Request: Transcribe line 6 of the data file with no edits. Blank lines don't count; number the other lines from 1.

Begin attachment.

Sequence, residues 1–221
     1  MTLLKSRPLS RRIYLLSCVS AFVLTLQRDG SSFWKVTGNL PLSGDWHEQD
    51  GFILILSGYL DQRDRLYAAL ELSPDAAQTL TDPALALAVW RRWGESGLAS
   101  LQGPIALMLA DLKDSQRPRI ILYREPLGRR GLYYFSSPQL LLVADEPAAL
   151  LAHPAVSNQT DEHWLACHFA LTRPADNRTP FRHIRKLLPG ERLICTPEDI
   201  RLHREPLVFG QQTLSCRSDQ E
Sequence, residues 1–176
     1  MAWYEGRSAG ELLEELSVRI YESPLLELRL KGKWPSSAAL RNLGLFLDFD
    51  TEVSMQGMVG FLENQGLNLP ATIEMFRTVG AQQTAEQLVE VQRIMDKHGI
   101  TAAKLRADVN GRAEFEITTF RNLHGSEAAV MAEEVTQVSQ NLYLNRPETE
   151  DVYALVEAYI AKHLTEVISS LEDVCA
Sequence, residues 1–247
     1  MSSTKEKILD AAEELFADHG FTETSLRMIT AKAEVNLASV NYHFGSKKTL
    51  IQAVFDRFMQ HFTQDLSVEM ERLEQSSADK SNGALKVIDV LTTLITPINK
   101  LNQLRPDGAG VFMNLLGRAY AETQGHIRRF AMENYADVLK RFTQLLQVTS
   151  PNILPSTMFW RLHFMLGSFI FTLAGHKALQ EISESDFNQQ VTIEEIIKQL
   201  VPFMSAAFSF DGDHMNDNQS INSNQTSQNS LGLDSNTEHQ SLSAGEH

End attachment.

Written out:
   201  RLHREPLVFG QQTLSCRSDQ E